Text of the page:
Have you ever had an idea so perfect that you know it could improve the lives of many people, only to be left feeling frustrated by not knowing the right person to tell?
If this is you, then you may be interested in a unique opportunity to help shape the smart city of the future.
CityVerve is the UK’s Internet of Things demonstrator, a project set in Manchester that is investigating how to create a connected city using technology to meet the complex needs of people. The aim is for CityVerve to be a blueprint for smart cities worldwide.
By Layla Gordon
Back in February OS took a trip off of this planet to produce a paper map of Mars.
This inspired the Tech Labs team, who had been already involved in Augmented Reality (AR) work, to produce a Mars AR experience using this map.
As all good work with augmentation, the first step was to create some 3D content for augmenting the map. Using a set of height data for the planet captured by NASA, and with the advice of Peter Grindrod from UK Space Agency, I produced a height map in Grey Scale. Then using Blender I created a 3D terrain model of the Schiaparelli crater and its surroundings.
At our recent GeoTech Meetup at the Geovation Hub the hot topic of conversation was augmented reality (AR) and virtual reality (VR), and how mashing these with geospatial data unlocks the potential for some pretty exciting innovations in the near future.
OS Labs engineer, Layla Gordon, led the event at the Hub, and here she explains some of her adventures with AR…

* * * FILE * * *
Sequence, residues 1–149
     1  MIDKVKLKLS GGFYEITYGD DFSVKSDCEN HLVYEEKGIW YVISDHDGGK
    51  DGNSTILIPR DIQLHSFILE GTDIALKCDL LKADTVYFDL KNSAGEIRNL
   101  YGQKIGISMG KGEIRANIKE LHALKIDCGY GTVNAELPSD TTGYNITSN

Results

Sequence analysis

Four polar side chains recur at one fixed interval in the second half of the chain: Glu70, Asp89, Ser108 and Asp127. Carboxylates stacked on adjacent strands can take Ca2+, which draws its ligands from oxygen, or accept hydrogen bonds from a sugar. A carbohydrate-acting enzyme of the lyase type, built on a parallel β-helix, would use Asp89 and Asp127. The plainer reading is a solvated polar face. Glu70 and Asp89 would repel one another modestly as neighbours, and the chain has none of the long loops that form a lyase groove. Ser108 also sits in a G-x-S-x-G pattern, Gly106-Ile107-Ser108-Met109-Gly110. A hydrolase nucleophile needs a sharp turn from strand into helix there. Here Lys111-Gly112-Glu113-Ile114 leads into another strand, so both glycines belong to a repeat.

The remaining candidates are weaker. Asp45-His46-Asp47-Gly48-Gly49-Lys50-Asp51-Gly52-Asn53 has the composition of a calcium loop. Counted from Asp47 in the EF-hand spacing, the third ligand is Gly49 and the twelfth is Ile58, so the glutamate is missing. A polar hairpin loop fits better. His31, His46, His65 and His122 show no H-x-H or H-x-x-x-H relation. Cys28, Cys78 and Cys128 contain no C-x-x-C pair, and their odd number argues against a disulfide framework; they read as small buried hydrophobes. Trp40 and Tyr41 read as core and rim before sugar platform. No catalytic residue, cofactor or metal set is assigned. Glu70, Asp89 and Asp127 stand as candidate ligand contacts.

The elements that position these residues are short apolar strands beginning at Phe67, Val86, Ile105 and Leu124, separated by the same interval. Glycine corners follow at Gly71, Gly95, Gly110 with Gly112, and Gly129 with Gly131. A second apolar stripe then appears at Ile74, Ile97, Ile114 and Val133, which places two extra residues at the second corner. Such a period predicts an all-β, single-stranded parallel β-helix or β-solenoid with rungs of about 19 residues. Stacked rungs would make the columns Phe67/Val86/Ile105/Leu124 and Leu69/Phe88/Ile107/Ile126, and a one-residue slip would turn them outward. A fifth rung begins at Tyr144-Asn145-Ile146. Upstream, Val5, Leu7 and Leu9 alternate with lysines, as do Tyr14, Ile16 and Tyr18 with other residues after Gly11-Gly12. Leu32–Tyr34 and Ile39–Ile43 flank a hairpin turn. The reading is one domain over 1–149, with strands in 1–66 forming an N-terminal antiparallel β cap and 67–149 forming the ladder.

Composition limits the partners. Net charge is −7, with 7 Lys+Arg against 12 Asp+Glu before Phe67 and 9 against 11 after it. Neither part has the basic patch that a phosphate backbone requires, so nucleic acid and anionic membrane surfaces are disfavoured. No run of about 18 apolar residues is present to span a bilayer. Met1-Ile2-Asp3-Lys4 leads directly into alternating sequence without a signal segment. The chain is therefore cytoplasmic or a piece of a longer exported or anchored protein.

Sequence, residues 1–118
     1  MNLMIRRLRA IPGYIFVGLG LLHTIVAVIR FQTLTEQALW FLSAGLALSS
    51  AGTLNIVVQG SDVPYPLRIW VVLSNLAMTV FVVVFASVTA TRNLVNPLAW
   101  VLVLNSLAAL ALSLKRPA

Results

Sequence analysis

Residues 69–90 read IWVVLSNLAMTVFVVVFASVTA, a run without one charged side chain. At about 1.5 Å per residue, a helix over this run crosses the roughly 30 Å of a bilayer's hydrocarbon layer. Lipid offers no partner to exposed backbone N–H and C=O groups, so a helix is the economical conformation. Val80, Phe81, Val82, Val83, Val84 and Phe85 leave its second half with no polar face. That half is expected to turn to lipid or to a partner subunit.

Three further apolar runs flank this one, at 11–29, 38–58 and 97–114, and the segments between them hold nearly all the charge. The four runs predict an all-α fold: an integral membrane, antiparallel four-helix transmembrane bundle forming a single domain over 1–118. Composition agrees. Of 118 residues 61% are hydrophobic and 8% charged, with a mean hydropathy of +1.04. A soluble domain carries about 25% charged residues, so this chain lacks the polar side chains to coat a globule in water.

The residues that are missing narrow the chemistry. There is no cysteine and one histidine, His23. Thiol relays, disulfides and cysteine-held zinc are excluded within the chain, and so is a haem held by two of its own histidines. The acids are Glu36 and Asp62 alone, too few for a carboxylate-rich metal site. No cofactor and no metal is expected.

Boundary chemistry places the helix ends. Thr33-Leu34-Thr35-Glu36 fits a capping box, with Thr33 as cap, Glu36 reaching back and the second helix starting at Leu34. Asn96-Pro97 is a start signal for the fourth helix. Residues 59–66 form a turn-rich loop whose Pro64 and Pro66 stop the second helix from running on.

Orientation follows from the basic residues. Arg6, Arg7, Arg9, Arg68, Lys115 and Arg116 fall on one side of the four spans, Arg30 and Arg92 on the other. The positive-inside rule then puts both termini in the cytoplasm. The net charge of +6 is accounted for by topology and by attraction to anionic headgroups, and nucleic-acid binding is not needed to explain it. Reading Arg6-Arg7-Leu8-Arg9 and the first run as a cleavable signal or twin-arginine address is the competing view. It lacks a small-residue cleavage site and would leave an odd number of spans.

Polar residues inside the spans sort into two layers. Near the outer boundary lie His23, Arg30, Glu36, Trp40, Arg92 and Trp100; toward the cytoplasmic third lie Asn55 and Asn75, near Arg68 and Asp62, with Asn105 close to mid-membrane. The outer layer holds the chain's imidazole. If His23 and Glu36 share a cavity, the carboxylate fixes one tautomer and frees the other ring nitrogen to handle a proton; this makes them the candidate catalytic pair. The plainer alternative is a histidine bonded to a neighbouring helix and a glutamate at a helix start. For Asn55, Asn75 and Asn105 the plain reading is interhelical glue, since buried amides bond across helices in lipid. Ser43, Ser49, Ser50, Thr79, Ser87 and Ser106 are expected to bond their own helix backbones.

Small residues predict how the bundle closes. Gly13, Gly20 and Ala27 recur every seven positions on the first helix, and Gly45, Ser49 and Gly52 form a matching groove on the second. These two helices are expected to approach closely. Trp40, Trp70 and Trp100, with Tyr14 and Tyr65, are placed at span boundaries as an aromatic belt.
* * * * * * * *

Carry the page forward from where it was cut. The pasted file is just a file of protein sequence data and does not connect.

Our first foray into the virtual spaces goes back to May 2015 where OS was the platinum sponsor of an event called Digital Shoreditch in London. The venue is a Victorian basement with lots of corridors and rooms and in previous years visitors had trouble navigating within the building and finding the exhibitions they wanted to see.
The Geovation Hub has been open now for one year. In that time it has:
- 550 members’ regular attending the hub and using its space and resources.
- 40 SMEs basing themselves at the Hub.
- 4 start-ups on the Geovation Programme.
- 30 lead partners.
- Delivered £300,000 of revenue through partnerships and sponsorships that was unbudgeted.
- GeoSpock – one of the first members of Geovation, using the hub to build their business and validate what they are doing. We took an active role in helping them secure £3.5m in investment.
- FATMAP who came to us in the summer of 2015 with 3 people needing somewhere to establish themselves and take their 3D ski maps to market. They went live with their product in December and went out to a web summit in Ireland. We worked closely with them on their pitch and presentation, and they ended up raising £1m of bridge finance.
- FATMAP grew from 3 to 8 employees when they were with us.
- 3 Crowd Cube successes – Stay Safe raised £400,000. OpenPlay raised £150,000. Store Mates is closing in on raising £150,000.
- Around 20 companies this year that have grown by at least a couple of people since they have been at the Hub.
I caught up with Geovation Hub manager, Alex Wrottesley about Geovation, the Hub and the past year.
What is Geovation and what is the Geovation Hub?
Geovation is Ordnance Survey’s (OS) commitment to open innovation and the Geovation Hub, Clerkenwell, is how OS creates new models to work with other companies and organisations outside the business.
In our first year there are already a wide range of businesses using the hub. This includes large corporations, to SMEs to individuals starting out. Basically it is anyone with an interest in innovation and entrepreneurship within geospatial data.
Guest blog by Simon Navin, Ordnance Survey Project Lead, Smart Practice.